Features » Twitters from Spain
THE EUROPEAN FAMILY
Barrie Mahoney / 2012-03-04 12:22:04
I admit to being a proud European. Although English born and bred, and I still love the United Kingdom, including Scotland if it remains part of the Union, I do not regard myself as being particularly English or British, but European. I know it is not a particularly popular concept at the present time, but I am proud to be European.
Just mention the EU to many Brits and you will probably be greeted by a shrug or a scowl; it is often regarded as a necessary evil, at worst, and as the price to be paid for being part of one of the World’s largest trading blocks, at best. Major infrastructure projects, which have received considerable funding from the EU, usually prefer to ignore that minor fact. I contrast this to Spain and the Canary Islands where projects, both large and small, proudly announce that they are funded by the EU, and usually fly three flags, the Spanish flag, the Canary Islands flag, as well as the European Union flag.
Speaking to a British expat the other day made me realise the depth of the problem. He has lived and worked in the Canary Islands and Spain for about thirty years, but resents the fact that Polish workers, as well as other East European citizens, are now living and working in his home town in the UK. He quite readily accepted the fact that being in the European Union as a British expat means that he can live and work in Spain, or any country within the EU, without the need for a visa or work permit, but resented that benefit being given to workers from other European countries. He could not accept the logic and we agreed to disagree about the issue.
I am also a firm believer in the euro, again a concept that is currently out of favour, even though several new members of the EU still aspire to join the euro one day. Memories are short and hindsight is a wonderful thing, but it is not that long ago when UK politicians were endorsing the project with great enthusiasm. The “I told you so” brigade are currently having a wonderful time, reminding the populace they always thought it was a bad idea. Yes, we know the euro monetary system has its flaws, and Greece is currently paying the price of a process that did not apply or stick to the rules that were established at its formation, but the actual concept of a currency that can be used anywhere in Europe is still, to my mind, a wonderful idea.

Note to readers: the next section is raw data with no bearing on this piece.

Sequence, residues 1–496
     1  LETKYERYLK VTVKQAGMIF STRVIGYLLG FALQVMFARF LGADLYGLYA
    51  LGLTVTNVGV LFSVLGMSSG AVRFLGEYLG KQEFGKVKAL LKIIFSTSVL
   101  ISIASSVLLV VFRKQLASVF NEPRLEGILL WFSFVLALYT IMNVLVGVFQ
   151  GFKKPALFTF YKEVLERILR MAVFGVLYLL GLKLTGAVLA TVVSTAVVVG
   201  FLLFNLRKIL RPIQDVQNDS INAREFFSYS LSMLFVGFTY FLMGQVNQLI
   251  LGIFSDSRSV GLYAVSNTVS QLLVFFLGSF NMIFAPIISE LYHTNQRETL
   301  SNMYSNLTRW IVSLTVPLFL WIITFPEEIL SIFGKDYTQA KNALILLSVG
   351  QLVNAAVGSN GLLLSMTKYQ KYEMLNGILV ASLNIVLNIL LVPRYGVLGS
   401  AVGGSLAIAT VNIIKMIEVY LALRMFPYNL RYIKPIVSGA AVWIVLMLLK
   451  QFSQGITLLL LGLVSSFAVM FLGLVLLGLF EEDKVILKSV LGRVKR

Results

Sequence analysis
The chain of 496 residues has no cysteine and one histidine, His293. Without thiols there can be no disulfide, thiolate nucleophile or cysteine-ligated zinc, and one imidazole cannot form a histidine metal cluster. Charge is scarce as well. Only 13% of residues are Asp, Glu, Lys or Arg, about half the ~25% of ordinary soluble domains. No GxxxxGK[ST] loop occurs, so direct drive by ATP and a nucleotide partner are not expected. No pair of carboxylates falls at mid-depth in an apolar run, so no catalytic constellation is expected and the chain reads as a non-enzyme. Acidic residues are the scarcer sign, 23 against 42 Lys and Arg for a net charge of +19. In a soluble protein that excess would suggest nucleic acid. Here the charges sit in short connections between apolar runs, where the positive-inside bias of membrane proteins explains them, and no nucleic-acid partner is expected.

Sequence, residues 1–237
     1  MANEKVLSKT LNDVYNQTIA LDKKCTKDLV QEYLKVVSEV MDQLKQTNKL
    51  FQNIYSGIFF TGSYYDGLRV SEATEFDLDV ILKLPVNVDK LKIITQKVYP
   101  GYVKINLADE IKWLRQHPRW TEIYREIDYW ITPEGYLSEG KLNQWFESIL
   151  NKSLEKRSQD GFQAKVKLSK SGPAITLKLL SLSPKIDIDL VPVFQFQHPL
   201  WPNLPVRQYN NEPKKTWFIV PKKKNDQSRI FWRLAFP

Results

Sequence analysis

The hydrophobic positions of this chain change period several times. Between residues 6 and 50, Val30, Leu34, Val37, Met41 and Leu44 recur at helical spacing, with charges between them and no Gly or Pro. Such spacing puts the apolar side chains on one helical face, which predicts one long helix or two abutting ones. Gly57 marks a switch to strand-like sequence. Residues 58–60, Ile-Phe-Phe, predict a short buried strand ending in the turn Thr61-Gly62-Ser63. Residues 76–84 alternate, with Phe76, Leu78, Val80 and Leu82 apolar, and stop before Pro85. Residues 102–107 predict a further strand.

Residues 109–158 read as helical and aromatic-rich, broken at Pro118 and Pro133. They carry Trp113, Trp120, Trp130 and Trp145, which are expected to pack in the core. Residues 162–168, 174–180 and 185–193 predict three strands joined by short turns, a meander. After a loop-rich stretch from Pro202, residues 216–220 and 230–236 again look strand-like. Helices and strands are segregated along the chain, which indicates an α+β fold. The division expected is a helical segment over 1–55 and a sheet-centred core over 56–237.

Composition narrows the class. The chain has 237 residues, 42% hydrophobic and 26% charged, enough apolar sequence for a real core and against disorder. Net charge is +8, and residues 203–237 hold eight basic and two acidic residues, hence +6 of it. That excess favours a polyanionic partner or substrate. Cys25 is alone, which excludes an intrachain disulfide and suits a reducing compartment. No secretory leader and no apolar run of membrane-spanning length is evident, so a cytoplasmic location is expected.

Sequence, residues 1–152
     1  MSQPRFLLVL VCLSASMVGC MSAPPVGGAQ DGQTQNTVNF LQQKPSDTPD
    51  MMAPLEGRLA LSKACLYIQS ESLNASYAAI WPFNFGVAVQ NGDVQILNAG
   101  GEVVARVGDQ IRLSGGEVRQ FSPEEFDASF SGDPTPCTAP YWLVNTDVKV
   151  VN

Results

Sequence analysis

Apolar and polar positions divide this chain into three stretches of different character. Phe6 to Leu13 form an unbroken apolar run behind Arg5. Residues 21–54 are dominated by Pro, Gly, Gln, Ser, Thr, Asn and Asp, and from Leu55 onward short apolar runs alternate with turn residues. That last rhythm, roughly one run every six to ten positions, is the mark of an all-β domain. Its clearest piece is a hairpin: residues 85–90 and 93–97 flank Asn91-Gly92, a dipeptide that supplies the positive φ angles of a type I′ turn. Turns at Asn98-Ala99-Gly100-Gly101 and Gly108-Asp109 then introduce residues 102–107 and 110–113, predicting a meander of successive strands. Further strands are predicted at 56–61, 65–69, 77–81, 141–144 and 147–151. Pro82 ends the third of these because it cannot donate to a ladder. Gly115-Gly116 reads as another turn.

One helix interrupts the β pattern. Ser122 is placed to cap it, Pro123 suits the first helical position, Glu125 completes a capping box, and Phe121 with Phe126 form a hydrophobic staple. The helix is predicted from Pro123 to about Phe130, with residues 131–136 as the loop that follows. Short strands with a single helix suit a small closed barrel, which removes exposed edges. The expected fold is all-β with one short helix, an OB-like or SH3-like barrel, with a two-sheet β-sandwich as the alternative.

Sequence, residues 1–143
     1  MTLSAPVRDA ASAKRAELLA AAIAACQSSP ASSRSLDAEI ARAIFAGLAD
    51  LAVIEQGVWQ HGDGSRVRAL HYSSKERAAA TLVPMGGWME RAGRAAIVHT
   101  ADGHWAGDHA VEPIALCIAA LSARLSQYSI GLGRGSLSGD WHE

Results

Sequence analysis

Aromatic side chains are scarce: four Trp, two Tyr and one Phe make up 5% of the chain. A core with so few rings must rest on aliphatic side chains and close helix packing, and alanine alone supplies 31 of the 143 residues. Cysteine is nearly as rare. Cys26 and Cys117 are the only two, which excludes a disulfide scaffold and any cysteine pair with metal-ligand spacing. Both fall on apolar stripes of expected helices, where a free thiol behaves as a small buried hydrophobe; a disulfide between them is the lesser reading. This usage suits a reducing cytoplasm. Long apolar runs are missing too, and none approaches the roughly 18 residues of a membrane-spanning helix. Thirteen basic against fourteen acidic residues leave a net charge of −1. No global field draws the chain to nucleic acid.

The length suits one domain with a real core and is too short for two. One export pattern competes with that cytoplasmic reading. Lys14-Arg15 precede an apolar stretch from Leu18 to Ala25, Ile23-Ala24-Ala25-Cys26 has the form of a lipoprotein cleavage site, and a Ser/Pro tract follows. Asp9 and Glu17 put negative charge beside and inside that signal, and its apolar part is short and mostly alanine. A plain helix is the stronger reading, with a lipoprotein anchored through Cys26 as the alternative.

Now back to my euro-sceptic friend. He firmly believes that having one currency has taken the personality and excitement from travelling to other countries. He much prefers a Europe whereby he has to carry at least six different currencies for a two-week holiday. No, he doesn’t mind being ripped off with high exchange rate charges, nor does he mind losing the value of the remaining currency when he returns home. After all, that suitcase of unspent pesetas, lira and drachmas would be of great interest to the grandchildren in the future, wouldn't they?
For me, this is only part of the story. The fact that I can choose to live and work in any country within the European Union, without a visa or work permit gives me a great sense of freedom, as well as belonging. I can benefit from healthcare, employment, trading and human rights laws that are common to all members of the EU. It comes with a form of protection; a reassurance of knowing that there is a common denominator that applies to all regardless of whether I am in a Scandinavian city or basking on a beach in the Canary Islands.
Of course, I am not naive enough to turn a blind eye to what is also an imperfect system, but it is the best we have. I have only to talk to friends and colleagues from the US and other parts of the world, to realise that we are part of something very special, which is the envy of much of the world. So, to my euro-sceptic friend, I say, of course, there needs to be continual improvement and change within the EU, because it is an evolving project that must adapt to the needs of its people. However, the post war dream of our forefathers, of a Europe, working together in friendship and cooperation for the mutual benefit of all, is an ideal that is still worth striving for.
© Barrie Mahoney